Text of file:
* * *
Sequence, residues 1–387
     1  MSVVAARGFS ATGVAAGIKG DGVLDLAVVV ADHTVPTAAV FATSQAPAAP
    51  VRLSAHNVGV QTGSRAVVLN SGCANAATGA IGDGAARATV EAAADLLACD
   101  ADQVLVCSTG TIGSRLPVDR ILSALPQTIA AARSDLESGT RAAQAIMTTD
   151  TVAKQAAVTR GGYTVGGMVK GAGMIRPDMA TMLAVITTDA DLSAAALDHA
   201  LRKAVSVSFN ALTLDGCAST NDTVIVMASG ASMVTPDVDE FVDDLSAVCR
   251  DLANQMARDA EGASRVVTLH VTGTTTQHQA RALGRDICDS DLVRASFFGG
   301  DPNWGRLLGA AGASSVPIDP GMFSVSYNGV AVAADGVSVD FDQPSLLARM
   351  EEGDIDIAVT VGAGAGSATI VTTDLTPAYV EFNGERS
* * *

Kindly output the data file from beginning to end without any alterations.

Sequence, residues 1–387
     1  MSVVAARGFS ATGVAAGIKG DGVLDLAVVV ADHTVPTAAV FATSQAPAAP
    51  VRLSAHNVGV QTGSRAVVLN SGCANAATGA IGDGAARATV EAAADLLACD
   101  ADQVLVCSTG TIGSRLPVDR ILSALPQTIA AARSDLESGT RAAQAIMTTD
   151  TVAKQAAVTR GGYTVGGMVK GAGMIRPDMA TMLAVITTDA DLSAAALDHA
   201  LRKAVSVSFN ALTLDGCAST NDTVIVMASG ASMVTPDVDE FVDDLSAVCR
   251  DLANQMARDA EGASRVVTLH VTGTTTQHQA RALGRDICDS DLVRASFFGG
   301  DPNWGRLLGA AGASSVPIDP GMFSVSYNGV AVAADGVSVD FDQPSLLARM
   351  EEGDIDIAVT VGAGAGSATI VTTDLTPAYV EFNGERS